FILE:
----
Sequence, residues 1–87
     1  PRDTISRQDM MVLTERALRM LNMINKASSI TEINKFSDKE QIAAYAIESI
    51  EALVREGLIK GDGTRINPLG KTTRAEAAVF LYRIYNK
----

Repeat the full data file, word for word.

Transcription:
Sequence, residues 1–87
     1  PRDTISRQDM MVLTERALRM LNMINKASSI TEINKFSDKE QIAAYAIESI
    51  EALVREGLIK GDGTRINPLG KTTRAEAAVF LYRIYNK